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The ISS crew will not receive fresh supplies after the Russian space program suffers another setback

Space officials confirmed the crew of the International Space Station hasn’t been 'stranded' after the unmanned Progress M-12M cargo ship malfunctioned and crashed.

About five minutes after launch from Kazakhstan's Baikonur Cosmodrome, the Progress cargo ship suffered a major malfunction and crash landed back on Earth.  The unmanned resupply vehicle was supposed to deliver three tons of supplies and equipment to the ISS.

The Soyuz-U rocket couldn't help the Progress enter orbit in the right position, and a planned September 22 rocket launch to the ISS will be delayed until an investigation can be completed.  There is one additional scheduled launch before the end of the year, while there is growing anticipation for the ATV-3 cargo ship launch in spring 2012.

"The anomaly 
has only just occurred; there's quite a bit of work to do to sort through where we're at," noted Mike Suffredini, NASA ISS manager.  "If things work out and it looks like the Soyuz will be able to fly then we'll let the crew on orbit stay until we do a normal rotation."

The ISS is currently manned by six crew members, with two Soyuz spacecraft available if a hasty exit from the floating space lab is necessarily.  One NASA astronaut and two Russians are scheduled to return from the ISS in September, and a skeleton crew will be responsible for the operation of the ISS until a later date.

If necessary, the crew could logistically survive for a few more months before a resupply mission must take place.

Since the retirement of the U.S. space shuttle, there is more reliance on Russia to help ferry astronauts and supplies from Earth into orbit.  NASA -- much to the dismay of some U.S. lawmakers -- is paying $63 million per seat to help transport U.S. astronauts into space.

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By Dr of crap on 8/25/2011 10:18:45 AM , Rating: -1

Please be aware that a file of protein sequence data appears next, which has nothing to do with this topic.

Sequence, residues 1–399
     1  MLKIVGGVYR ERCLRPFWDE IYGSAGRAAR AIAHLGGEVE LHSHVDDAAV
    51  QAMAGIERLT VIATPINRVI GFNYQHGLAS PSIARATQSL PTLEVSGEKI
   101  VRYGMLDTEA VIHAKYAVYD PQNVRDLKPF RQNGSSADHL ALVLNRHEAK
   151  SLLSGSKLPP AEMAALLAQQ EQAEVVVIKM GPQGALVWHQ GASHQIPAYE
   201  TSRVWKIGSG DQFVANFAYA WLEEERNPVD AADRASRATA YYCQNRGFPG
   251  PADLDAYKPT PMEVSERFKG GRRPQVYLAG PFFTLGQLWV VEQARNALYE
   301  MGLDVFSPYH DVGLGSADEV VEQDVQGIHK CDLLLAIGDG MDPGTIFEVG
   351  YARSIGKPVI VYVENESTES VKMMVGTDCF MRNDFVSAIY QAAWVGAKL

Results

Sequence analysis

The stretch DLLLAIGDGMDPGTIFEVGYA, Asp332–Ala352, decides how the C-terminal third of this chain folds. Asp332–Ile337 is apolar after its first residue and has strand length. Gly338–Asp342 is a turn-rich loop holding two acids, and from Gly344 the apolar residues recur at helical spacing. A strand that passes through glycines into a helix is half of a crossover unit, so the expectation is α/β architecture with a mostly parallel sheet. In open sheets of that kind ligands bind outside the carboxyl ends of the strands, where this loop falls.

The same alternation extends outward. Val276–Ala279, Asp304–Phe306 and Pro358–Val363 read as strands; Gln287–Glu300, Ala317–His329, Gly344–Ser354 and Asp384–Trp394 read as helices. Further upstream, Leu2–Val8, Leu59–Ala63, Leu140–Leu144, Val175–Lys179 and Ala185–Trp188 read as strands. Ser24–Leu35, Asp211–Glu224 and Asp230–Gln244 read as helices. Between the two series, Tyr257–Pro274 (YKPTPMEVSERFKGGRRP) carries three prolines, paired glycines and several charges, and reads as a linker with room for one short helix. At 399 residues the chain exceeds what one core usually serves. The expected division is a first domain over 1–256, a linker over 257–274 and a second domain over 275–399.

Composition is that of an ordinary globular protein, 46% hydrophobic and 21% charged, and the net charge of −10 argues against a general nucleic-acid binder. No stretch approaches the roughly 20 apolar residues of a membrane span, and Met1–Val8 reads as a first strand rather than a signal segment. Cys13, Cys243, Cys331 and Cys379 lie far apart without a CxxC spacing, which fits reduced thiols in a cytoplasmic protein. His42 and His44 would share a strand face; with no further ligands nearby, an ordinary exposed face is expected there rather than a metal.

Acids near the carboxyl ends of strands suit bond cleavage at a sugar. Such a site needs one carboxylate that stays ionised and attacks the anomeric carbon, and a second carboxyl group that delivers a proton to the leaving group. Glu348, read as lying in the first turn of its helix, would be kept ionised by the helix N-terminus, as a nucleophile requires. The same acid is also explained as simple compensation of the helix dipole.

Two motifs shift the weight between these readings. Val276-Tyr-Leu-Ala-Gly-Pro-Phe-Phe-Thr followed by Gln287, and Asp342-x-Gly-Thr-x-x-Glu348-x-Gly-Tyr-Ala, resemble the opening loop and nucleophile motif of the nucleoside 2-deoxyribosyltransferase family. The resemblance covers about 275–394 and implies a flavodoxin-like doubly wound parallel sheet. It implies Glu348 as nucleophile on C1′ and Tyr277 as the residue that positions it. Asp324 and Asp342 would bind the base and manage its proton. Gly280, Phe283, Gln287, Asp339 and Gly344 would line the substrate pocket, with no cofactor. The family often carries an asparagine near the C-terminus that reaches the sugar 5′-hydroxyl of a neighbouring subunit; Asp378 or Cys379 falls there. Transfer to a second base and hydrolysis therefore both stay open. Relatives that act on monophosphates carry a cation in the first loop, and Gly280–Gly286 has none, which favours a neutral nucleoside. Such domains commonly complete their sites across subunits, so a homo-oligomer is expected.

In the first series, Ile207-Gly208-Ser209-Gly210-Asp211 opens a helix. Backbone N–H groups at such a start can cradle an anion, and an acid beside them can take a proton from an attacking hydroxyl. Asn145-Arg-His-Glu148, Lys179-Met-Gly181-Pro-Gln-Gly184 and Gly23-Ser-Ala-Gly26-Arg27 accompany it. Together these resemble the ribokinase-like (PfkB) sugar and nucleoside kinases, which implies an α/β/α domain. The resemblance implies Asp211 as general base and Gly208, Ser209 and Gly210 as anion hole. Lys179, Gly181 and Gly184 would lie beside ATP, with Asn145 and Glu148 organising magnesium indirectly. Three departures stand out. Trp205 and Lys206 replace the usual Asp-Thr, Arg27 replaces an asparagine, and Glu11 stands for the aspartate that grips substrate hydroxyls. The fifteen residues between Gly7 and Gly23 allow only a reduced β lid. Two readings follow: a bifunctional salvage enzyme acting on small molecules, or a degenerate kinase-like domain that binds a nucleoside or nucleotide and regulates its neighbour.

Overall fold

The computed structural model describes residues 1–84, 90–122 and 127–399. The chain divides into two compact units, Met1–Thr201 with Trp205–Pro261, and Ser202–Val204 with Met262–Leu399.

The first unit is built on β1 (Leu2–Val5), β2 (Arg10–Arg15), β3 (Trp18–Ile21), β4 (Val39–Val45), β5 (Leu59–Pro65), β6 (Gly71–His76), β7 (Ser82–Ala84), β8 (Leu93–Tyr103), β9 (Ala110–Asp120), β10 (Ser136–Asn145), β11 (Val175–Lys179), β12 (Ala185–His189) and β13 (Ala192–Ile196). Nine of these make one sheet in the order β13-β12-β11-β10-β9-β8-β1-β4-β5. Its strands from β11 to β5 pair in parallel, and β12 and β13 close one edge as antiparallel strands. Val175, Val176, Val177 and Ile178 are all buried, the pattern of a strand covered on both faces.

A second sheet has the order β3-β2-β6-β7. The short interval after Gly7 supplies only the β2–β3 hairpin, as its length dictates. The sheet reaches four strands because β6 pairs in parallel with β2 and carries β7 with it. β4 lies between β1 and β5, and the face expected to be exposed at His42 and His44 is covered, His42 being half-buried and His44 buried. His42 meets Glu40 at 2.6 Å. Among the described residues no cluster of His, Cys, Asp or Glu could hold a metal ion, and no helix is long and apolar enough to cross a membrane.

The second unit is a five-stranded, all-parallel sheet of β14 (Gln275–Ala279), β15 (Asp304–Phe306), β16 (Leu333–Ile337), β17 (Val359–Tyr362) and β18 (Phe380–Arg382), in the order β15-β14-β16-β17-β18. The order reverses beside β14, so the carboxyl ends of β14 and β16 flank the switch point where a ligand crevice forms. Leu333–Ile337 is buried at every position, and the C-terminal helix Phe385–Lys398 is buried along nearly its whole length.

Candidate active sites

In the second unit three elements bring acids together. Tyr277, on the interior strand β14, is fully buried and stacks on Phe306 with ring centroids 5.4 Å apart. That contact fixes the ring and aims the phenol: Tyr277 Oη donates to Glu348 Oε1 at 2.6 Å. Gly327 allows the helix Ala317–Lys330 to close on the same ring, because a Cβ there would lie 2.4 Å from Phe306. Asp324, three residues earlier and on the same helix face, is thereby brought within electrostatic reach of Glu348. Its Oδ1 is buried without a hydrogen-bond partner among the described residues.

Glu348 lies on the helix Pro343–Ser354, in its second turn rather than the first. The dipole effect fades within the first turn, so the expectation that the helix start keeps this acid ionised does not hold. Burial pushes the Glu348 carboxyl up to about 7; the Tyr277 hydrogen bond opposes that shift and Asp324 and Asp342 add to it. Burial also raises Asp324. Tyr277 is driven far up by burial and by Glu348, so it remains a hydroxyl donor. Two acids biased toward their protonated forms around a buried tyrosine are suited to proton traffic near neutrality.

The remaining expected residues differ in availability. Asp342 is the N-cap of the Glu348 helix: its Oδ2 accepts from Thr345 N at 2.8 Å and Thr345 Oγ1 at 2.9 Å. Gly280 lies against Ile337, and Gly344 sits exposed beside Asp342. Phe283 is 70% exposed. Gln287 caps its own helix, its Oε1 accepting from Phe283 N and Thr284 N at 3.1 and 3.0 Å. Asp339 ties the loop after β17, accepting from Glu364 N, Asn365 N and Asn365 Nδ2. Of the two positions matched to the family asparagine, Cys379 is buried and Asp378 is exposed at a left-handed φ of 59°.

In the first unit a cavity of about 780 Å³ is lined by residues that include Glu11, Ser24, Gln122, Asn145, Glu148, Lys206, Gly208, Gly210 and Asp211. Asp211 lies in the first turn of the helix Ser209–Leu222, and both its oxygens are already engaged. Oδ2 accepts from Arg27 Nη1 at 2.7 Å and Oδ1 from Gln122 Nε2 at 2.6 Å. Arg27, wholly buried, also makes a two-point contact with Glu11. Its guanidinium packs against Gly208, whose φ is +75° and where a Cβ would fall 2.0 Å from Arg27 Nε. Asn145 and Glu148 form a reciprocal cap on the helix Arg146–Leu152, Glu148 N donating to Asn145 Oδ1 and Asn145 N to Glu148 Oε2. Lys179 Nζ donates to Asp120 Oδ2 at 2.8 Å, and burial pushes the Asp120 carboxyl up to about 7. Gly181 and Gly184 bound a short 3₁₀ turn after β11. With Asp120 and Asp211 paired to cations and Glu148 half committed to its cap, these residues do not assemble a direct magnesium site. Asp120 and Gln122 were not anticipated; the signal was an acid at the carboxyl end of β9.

Did you see the launch area?

That's the surroundings that the Russians have for their launchs? It's very sparce and looking like they don't have a very robust program. Kind of like a movie set or something.

I'm not impressed by that at all. And we'll be depending on this kind of program? Can we use the shuttles a bit longer?

RE: But
By kattanna on 8/25/2011 10:46:36 AM , Rating: 5
It's very sparce

would you rather they launched in the middle of a densely populated area??

looking like they don't have a very robust program. Kind of like a movie set or something. I'm not impressed by that at all

so.. the launch complex that started the space era for humanity is not impressive to you?

please remember that sputnik was launched from here. also here is a map of the complex

RE: But
By MrTeal on 8/25/2011 10:54:59 AM , Rating: 2
Would you feel more confident if Disneyland was next door?

The Soyuz-U has 724 successful flights and 21 failures, and is only used for cargo these days. The newer Soyuz-FG used for manned flights has 33 successes and 0 failures.

The Russians have had issues in the last few days first with the Proton failure and now one with the Soyuz-U, but that's hardly due to Baikonur not being pretty enough.

RE: But
By kjboughton on 8/27/2011 3:31:27 PM , Rating: 2
Now it's personal..wanna take that bet?:

RE: But
By danjw1 on 8/25/2011 11:05:13 AM , Rating: 2
You are being silly. Why does NASA launch their spacecraft from Cape Canaveral and over the ocean? Is it because their systems aren't very reliable? Or, maybe, just maybe, it is because they know that if they have a failure early in the launch, they won't damage property or kill/harm people. It is just the smart thing to do.

RE: But
By BadAcid on 8/25/2011 12:47:57 PM , Rating: 2
Haha, seriously. Isn't it practically on a swamp?

RE: But
By Chernobyl68 on 8/25/2011 1:10:26 PM , Rating: 2
They're barrier islands, mostly sandy soil and brackish lagoons. They're on the coast for a couple reasons. Launching a spacecraft you wnat to go with earths rotation rather than against it, so all non-polar orbit launches go generally eastward. So over the ocean launches provide the best safety factor. The farther south you are, the higher your initial velocity on launch (on the equator would be ideal) and so less fuel is needed for launch than the same weight launched from farther north.

RE: But
By CZroe on 8/25/2011 11:39:10 AM , Rating: 1
Does Sacha Baron Cohen paint your worldview of other countries as well?

RE: But
By Samus on 8/25/2011 2:27:33 PM , Rating: 1
People act like the cold war is still raging and can't give Russia any credit where credit is due. Their modern space program has been more successful than our own simply because they don't have a dysfunctional congress beating down its budget. Granted, Russia is damn near a third-world country with high poverty levels, but they have always invested an extraordinary amount into science, which I have great respect for.

RE: But
By ClownPuncher on 8/25/2011 3:10:00 PM , Rating: 2
Gypsy detected!

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